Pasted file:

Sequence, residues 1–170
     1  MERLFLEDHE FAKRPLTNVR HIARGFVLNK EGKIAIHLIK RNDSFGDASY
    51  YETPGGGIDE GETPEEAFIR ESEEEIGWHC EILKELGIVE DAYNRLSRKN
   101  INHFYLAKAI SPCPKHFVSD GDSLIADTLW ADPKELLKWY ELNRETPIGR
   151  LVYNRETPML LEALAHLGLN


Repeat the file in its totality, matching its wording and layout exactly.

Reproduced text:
Sequence, residues 1–170
     1  MERLFLEDHE FAKRPLTNVR HIARGFVLNK EGKIAIHLIK RNDSFGDASY
    51  YETPGGGIDE GETPEEAFIR ESEEEIGWHC EILKELGIVE DAYNRLSRKN
   101  INHFYLAKAI SPCPKHFVSD GDSLIADTLW ADPKELLKWY ELNRETPIGR
   151  LVYNRETPML LEALAHLGLN